The GNU’s biggest challenge

South Africa’s new Government of National Unity (GNU) will have to address the country’s rising debt levels and skyrocketing debt-servicing costs, as expenditure threatens to crowd out investment in the crucial areas of education and healthcare. 

This is feedback from Old Mutual Wealth Investment Strategist Izak Odendaal, who said forming a pro-market government could be the catalyst that unlocks the country’s potential. 

Odendaal explained that investors should realise the potential feedback loops at play. In a situation like South Africa’s, small improvements can lead to big changes over time. 

People often overestimate the short-term implications of an event like the formation of the GNU and underestimate the long-term consequences.

He said South Africa has often been on the receiving end of feedback loops with negative consequences. 

For example, over the past decade, South Africa has experienced weak economic growth, which has led to higher interest rates instead of lower interest rates, as would be the case in most countries. 

Subpar economic growth means tax revenues are insufficient to match government spending, leading to a deteriorating government creditworthiness, which is reflected in elevated bond yields. 

These fears also put downward pressure on the rand. The Reserve Bank’s big fear is that it could lead to a disorderly currency blowout. 

As a result, it has kept interest rates higher than what domestic economic conditions would warrant if there were no fiscal worries.  

To reverse this, Odendaal said the new government will have to stabilise the country’s debt-to-GDP ratio to improve its creditworthiness and reduce the yield it has to pay investors to hold its debt. 

The government can do this by significantly cutting spending and running a budget surplus or by growing the economy at a faster rate than its debt pile is growing, thereby reducing its debt-to-GDP ratio.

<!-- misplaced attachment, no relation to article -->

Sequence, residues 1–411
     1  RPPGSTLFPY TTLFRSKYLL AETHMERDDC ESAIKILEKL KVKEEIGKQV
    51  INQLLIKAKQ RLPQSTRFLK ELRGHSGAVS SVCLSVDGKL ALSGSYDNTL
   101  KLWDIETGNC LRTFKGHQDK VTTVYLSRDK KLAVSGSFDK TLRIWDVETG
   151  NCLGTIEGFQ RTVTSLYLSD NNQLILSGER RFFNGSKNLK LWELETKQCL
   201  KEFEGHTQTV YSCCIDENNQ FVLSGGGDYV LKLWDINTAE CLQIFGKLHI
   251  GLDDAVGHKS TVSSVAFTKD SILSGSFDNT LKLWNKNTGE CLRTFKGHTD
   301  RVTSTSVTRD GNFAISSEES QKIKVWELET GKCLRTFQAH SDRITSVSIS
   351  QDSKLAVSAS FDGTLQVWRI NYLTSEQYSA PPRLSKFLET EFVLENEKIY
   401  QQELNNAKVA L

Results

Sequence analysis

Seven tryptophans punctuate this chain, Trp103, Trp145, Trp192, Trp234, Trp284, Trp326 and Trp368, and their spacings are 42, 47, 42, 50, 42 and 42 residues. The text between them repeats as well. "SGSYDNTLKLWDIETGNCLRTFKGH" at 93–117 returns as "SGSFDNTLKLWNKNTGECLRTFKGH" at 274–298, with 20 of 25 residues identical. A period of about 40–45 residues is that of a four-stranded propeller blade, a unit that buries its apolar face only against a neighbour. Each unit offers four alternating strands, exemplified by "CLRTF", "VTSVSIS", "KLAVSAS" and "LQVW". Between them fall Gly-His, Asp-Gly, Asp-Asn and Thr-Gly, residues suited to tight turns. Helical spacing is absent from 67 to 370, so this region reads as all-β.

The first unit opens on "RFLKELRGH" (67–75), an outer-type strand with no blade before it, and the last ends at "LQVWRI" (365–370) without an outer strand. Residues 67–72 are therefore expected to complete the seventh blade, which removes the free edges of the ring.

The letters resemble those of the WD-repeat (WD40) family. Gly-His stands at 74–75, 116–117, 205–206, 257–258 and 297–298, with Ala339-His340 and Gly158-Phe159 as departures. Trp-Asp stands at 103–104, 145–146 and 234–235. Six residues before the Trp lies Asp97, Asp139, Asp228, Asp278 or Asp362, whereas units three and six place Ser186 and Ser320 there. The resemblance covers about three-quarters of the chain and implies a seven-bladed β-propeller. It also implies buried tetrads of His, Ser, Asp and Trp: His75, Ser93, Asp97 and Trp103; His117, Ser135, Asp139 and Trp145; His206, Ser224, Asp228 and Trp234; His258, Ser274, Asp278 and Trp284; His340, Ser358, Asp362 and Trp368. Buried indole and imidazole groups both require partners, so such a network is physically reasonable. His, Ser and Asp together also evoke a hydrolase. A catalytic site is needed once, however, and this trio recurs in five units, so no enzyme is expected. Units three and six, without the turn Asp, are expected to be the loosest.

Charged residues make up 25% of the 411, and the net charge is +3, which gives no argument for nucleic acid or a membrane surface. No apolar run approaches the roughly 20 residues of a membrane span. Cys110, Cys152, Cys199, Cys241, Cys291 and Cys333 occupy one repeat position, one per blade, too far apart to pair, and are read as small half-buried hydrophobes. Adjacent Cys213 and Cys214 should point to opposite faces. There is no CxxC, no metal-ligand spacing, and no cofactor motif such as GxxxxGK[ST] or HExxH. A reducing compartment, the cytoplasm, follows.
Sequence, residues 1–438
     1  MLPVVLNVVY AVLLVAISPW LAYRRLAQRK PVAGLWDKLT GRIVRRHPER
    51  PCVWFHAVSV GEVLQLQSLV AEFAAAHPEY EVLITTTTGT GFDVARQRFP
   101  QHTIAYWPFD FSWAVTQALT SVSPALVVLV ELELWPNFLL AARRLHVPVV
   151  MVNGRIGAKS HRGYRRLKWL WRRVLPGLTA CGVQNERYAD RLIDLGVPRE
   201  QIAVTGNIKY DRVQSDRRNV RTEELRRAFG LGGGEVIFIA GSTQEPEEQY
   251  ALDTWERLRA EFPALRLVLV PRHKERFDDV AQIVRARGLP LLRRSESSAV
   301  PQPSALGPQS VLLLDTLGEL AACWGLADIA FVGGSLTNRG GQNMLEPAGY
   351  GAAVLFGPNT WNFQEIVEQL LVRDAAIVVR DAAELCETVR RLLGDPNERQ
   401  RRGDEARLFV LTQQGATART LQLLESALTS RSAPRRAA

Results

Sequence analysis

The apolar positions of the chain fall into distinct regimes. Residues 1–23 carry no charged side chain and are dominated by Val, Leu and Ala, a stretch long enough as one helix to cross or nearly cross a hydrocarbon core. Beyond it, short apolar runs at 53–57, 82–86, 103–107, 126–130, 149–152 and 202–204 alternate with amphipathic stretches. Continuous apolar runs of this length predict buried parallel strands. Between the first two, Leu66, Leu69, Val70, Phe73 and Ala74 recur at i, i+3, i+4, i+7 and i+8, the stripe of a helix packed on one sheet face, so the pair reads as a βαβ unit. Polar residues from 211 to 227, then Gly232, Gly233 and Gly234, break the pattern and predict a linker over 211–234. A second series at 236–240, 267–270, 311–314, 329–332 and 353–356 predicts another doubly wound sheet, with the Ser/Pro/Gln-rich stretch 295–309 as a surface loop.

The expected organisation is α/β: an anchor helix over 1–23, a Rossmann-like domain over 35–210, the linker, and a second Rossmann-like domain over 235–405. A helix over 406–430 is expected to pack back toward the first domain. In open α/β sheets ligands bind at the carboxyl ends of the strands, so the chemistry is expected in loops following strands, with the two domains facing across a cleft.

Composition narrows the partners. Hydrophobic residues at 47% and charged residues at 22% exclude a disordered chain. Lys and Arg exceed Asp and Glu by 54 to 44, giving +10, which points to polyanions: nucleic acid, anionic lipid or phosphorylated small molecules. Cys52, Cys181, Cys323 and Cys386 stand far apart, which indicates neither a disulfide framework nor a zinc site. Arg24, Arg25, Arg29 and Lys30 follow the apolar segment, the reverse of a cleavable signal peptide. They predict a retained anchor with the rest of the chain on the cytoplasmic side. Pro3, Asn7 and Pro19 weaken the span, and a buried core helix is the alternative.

Old Mutual Wealth’s Izak Odendaal

However, Odendaal urged the government not to think that economic growth would cure all its problems. The state should still borrow significantly less money and avoid taking on debt to fund its expenditures and operations. 

It cannot afford a debt pile that continues to grow and consumes 20% of all tax revenue collected in the country. 

If the government borrows less, there are two important benefits. Firstly, it spends less on interest payments down the line, freeing it up to spend more elsewhere or allowing it to pay down debt even quicker. 

Secondly, the more markets gain confidence that they are successfully tackling debt levels, the less they will charge for lending to the government. In other words, bond yields will decline.

Odendaal warned that this would not be easy, as it is simple for “coalition partners to agree on feel-good economic reforms that lead to private investment and photo opportunities for hard-hat-wearing politicians.” 

“It is much more difficult to commit to being disciplined with state money when each party has its own spending priorities.” 

The aspiration of a slimmed-down value-for-money cabinet will probably be shelved to accommodate ministers from several parties in sufficient numbers. 

For similar reasons, the bloated state bureaucracy might not shrink. These two factors will continue to put upward pressure on government spending, potentially hobbling any attempts to reduce its debt pile. 


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